Monday, March 12, 2012

Progress has been made

This is going to be another long-winded knitting blog, so if you couldn't care less and would rather go and watch paint dry than hear me blather on for an age on this, know that I won't be offended if you bugger off for a while.  I'll let you know when it's safe to return.

I've been diligently working away on my Seamless Hybrid and have made a couple of important discoveries:
  1. You are never ever so good at something that you stop making mistakes.
  2. The mistakes just get more "interesting" (read: frustrating).
  3. As I would have known, had I taken the time to figure it out, performing a short row doesn't add ONE row to your knitting, it adds TWO.
To demonstrate:

The blue lines represent the regular, in-the-round knitting that form the body of my sweater.  The orange lines represent the short rows.  So when you do a short row, you're adding two rows to the section you're working on.  Right.  Lesson learned.

Apparently, I am also not past the point of accidentally twisting my knitting when I join to knit in the round.   I wasn't in the mood to knit a Moebius sweater, so I ripped it all back (2" worth of sweater) and started over.  Grrrr.

But who cares about all that?  I have some progress to show you.  First, I should probably tell you that I decided to make this sweater in a funny way.  My main area of concern was the bust area, so I decided to start with that.  It's not a top-down sweater, though, so I had to get creative.  I have no idea if this was a good idea or not, but I started with a provisional cast on at the armpit mark and started working down from there.  When I'm done with the body of the sweater, I'll pick up the yoke stitches and work up to the collar.  Smart?  Maybe.  Maybe not.  I'm sort of channelling EZ on this one and have taken on a devil-may-care attitude.  We'll see if it works: you'll be the first to know (well, after me, of course).

Admittedly, I have a bit of an advantage with this whole design-as-you-go process: I have a custom body form/mannequin to use as a reference:

The top edge is the provisional cast-on.  The bottom edge contains my needle cable (with the nifty little end caps that come with KnitPicks interchangeable needles).  The markers are helping me keep track of the sides of the sweater and the location of the back darts:

No, it isn't perfect.  I think I need to add some darts below the bust on the front (I pinned it there for these photos) and that means ripping back 2" of work to put them in.  I'm not worried about that, though: it goes quickly.  I'm so used to knitting with fingering weight that this worsted feels like rope.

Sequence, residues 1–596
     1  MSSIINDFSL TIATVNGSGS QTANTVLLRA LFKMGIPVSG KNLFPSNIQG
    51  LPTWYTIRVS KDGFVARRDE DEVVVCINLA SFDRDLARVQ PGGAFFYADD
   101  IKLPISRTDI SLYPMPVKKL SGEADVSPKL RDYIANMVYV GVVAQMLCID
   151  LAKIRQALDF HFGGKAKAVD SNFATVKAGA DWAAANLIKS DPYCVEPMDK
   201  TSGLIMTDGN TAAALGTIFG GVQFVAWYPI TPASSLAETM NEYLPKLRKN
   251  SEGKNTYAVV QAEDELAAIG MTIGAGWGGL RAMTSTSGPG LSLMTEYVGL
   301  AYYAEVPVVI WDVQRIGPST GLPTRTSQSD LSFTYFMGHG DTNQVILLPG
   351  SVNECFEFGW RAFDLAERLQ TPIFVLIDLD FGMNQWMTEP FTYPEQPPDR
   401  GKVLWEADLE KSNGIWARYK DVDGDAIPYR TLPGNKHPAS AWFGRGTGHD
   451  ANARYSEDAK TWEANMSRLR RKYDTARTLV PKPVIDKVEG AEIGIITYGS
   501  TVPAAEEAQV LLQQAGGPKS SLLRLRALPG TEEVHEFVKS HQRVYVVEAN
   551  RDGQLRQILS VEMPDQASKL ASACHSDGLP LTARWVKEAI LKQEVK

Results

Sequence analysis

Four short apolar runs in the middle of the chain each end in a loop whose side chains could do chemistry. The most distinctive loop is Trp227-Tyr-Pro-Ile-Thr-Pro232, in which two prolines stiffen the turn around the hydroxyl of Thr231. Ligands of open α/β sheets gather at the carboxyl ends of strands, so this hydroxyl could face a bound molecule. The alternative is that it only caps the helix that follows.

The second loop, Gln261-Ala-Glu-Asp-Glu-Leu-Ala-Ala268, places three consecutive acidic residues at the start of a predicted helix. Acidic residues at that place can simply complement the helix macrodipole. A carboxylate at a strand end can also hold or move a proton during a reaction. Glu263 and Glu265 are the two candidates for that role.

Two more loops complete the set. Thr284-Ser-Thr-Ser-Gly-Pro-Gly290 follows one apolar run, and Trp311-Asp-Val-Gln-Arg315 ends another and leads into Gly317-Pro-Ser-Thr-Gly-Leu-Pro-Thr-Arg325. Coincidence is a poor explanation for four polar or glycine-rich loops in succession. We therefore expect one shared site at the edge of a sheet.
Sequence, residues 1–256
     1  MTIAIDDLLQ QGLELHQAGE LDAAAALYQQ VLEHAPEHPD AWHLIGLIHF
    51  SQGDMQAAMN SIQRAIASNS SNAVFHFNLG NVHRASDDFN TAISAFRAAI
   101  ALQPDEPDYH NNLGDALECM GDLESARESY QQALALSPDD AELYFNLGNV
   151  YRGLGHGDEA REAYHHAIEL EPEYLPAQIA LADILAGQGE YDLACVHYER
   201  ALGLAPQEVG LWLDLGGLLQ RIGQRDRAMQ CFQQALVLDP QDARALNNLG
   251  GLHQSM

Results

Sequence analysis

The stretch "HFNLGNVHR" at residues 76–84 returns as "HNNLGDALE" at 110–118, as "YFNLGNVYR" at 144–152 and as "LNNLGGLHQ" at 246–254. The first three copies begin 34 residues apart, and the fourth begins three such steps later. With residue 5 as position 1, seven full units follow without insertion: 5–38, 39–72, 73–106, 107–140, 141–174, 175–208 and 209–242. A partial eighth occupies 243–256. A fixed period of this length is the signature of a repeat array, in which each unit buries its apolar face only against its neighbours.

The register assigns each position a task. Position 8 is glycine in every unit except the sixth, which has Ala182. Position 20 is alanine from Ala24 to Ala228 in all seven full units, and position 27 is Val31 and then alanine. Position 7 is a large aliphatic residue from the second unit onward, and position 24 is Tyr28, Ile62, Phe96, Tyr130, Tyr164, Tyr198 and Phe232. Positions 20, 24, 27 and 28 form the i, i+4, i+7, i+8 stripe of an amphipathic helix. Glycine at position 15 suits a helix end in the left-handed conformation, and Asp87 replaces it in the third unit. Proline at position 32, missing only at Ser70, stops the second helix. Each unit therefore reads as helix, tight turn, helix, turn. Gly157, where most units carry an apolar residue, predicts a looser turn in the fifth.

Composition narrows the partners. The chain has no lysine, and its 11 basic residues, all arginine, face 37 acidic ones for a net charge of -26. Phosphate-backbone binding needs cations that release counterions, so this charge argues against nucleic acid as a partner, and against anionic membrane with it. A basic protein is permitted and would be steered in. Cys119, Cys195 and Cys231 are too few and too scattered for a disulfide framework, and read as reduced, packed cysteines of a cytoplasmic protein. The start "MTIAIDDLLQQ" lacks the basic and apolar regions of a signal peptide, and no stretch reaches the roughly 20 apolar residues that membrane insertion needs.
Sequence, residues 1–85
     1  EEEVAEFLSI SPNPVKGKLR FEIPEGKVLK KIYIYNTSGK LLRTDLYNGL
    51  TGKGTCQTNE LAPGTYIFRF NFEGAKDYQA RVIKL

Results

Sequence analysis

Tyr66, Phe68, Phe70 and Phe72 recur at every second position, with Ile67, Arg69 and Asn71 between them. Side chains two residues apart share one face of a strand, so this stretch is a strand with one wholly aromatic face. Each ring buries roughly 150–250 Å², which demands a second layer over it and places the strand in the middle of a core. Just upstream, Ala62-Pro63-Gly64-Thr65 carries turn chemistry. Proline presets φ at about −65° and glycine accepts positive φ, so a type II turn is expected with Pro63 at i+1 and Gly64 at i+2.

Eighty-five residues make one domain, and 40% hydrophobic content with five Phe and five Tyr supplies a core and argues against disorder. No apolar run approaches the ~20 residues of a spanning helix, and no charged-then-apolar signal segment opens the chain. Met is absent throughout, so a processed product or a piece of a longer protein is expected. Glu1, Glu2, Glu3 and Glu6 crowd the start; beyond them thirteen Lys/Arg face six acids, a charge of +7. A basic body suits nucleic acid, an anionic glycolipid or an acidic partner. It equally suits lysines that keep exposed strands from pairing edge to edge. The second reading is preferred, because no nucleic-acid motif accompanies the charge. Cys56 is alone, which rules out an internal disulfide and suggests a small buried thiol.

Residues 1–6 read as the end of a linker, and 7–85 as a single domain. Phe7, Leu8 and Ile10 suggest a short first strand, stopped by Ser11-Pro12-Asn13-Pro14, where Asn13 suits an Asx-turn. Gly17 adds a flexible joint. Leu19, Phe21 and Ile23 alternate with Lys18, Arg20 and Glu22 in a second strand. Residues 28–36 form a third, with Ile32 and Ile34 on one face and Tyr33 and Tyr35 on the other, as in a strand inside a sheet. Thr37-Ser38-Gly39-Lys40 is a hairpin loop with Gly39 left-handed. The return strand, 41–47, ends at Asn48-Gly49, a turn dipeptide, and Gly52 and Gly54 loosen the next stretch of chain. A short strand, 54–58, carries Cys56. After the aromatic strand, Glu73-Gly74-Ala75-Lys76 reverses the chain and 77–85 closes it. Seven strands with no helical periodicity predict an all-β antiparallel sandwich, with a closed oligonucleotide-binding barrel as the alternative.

But the short rows did the trick!  I'm not sure why I'm surprised because I've heard it from enough knitters to know that it SHOULD work.  Still, I'm pleased.

You can just barely make the ends of the short rows out in this photo (sorry, but I am kind of addicted to my iPod's camera at the moment and didn't feel like dragging out my behemoth Canon 40D for one picture).

To recap:
  1. This mannequin represents the best $200 I ever spent.
  2. I am going to rip back to insert some darts in the front.
  3. I adjusted my scheme for inserting short rows because I figured out that each one adds 2 rows of knitting, not just 1.  I knew I needed 9 extra rows (maximum) in the bust area.  I ended up putting in 10 (5 short rows), because the math worked out really well, but it was probably overkill.  I could have stopped at 8 (4 short rows).  Maybe when I rip back to put in the darts, I'll take out that last short row.
  4. The back darts are beautiful.


  1. Lovely! I am learning a lot from your description of work out the fit that's right for you. I recently finished my first sweater (a top-down) and the mannequin would have been a big help. Looking forward to seeing how the vertical bust darts work; I think I'd have been tempted to just sew them in at this point! o.o

  2. Hi Lynne, thanks for delurking! I promise, I'll keep you updated. It's really fun and I'm so incredibly relieved to have my mannequin - it was expensive and really difficult to set up correctly, but man, totally worth it!